About this blog

20 January 2006

They say a better world is possible, but as the sixth World Social Forum approaches the world’s global social justice activists still seem to have a lot of work to do.

For the past few years these Forums have attracted more than 100,000 of the most committed NGOs, activists, students, professors from all over the world. Almost no English is spoken, and there are a myriad of over one thousand events for participants to attend.

South Korean unionists rub shoulders with landless people from Brazil. Children from the slums of Rio mingle with teenage diamond cutters from India. Organisations pool their ideas on economic development and campaigns against privatisation of water. You name it; it’s here.

On this blog, openDemocracy brings you the inside story of the Forum. Our correspondents in Venezuela share with you news, wit, and details, and as best we can updates on what other bloggers are saying too. Thanks to Global Voices and Civiblog for their support.

This year the Forum is split in three. First stop was Mali, next Venezuela, and finally Pakistan in March. What we really want to know is where the Forum is headed politically.

It’s the biggest global left gathering in the world, but when it comes to trying to consolidate the movement there is more tension than harmony. This year, there will be additional controversy over Hugo Chavez, who some adore and others despise. Some Venezuelan activists have even set up an Alternative Social Forum.


Please contact Solana Larsen [email protected] in Venezuela (or text message to: +1 646 220 1459) for more information.

If you have an urgent press inquiry, you can also try openDemocracy’s office in London +44 207 608 2000, please ask for Becky Hogge [email protected]

We are happy to accept contributions for the blog.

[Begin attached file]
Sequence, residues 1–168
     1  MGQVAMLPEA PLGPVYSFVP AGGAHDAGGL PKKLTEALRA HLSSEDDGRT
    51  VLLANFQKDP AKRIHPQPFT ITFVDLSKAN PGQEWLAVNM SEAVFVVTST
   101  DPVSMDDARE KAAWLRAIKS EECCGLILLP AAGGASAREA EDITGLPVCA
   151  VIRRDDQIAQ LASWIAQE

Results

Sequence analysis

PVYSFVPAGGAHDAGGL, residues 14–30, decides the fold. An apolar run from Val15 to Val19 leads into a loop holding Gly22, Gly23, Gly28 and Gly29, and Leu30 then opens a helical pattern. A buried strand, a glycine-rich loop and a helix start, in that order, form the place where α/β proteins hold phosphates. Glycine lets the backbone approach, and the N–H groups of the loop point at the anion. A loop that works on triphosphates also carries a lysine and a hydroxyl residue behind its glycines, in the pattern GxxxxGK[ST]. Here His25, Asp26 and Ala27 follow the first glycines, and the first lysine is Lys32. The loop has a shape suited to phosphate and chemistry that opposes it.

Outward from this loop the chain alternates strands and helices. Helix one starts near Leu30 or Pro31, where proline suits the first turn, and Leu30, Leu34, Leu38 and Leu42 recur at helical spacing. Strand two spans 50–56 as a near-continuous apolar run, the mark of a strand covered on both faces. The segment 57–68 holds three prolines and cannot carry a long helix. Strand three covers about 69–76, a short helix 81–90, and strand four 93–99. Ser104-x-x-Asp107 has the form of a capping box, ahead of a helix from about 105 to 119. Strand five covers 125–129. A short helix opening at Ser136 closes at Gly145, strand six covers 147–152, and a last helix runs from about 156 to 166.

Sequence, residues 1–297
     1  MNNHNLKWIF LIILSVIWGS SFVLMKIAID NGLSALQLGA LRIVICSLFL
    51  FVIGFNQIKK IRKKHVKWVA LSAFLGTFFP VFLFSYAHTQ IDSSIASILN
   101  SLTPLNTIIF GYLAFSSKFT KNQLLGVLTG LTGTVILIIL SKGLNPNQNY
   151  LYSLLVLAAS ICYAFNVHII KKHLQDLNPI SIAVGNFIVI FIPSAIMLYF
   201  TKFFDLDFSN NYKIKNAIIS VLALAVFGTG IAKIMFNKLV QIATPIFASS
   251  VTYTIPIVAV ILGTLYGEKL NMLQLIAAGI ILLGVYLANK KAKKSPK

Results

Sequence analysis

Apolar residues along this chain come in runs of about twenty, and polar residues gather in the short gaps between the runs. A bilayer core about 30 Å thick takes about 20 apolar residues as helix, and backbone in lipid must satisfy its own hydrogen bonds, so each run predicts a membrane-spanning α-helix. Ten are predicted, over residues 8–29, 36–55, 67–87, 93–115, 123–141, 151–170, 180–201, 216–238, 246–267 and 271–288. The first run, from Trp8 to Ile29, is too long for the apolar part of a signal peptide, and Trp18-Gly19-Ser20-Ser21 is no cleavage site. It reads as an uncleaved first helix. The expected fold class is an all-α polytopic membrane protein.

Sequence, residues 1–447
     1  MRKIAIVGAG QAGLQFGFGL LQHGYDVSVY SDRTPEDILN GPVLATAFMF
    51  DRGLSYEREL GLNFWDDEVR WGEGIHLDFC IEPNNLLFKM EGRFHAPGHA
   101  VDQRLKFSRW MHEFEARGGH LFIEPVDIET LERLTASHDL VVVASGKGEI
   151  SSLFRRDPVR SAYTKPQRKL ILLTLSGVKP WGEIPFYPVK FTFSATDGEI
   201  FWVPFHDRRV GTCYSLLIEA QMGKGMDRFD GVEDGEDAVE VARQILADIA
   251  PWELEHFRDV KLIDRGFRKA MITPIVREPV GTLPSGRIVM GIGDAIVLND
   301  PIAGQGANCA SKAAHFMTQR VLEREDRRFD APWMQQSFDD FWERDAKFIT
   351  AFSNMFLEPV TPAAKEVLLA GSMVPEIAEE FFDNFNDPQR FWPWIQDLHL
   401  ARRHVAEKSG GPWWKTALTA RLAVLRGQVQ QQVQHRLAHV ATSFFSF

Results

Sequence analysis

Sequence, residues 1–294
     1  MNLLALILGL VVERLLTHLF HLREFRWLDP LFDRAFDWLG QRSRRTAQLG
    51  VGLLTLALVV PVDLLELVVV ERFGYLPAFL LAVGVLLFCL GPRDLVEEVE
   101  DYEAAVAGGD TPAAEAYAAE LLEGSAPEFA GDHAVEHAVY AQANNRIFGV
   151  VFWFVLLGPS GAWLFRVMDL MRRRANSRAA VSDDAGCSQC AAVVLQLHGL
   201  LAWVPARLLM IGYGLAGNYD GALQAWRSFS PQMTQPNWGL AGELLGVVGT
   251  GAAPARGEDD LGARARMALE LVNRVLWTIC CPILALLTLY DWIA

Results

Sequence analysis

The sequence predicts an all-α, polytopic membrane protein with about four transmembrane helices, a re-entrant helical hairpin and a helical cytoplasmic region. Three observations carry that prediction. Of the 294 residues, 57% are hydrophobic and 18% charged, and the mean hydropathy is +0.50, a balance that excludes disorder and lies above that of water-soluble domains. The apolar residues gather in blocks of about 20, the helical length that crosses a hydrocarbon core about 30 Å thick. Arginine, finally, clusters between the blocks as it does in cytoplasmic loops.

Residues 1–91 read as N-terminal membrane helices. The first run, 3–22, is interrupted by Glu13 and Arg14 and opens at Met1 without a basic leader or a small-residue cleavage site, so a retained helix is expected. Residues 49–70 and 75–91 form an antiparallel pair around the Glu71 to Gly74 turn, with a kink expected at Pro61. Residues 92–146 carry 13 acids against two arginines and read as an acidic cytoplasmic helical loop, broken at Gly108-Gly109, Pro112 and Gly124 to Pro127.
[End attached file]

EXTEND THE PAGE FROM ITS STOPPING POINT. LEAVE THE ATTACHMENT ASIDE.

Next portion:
Can there be a green populist project on the Left?

Many on the Left want to return to a politics based on class, not populism. They point to Left populist parties not reaching their goals. But Chantal Mouffe argues that as the COVID-19 pandemic has put the need for protection from harm at the top of the agenda, a Left populist strategy is now more relevant than ever.

Is this an opportunity for a realignment around a green democratic transformation?

Join us for a free live discussion on Thursday 22 October, 5pm UK time/12pm EDT.

Hear from:

Paolo Gerbaudo Sociologist and political theorist, director of the Centre for Digital Culture at King’s College London and author of ‘The Mask and the Flag: Populism and Global Protest’ and ‘The Digital Party: Political Organisation and Online Democracy’, and of the forthcoming ‘The Great Recoil: Politics After Populism and Pandemic’.

Chantal Mouffe Emeritus Professor of Political Theory at the University of Westminster in London. Her most recent books are ‘Agonistics. Thinking the World Politically’, ‘Podemos. In the Name of the People’ and ‘For a Left Populism’.

Spyros A. Sofos Researcher and research coordinator at the Center for Middle Eastern Studies, Lund University and author of ‘Nation and Identity in Contemporary Europe’, ‘Tormented by History’ and ‘Islam in Europe: Public Spaces and Civic Networks'.

Chair: Walid el Houri Researcher, journalist and filmmaker based between Berlin and Beirut. He is partnerships editor at openDemocracy and lead editor of its North Africa, West Asia project.

Had enough of ‘alternative facts’? openDemocracy is different Join the conversation: get our weekly email


We encourage anyone to comment, please consult the oD commenting guidelines if you have any questions.
Audio available Bookmark Check Language Close Comments Download Facebook Link Email Newsletter Newsletter Play Print Share Twitter Youtube Search Instagram WhatsApp yourData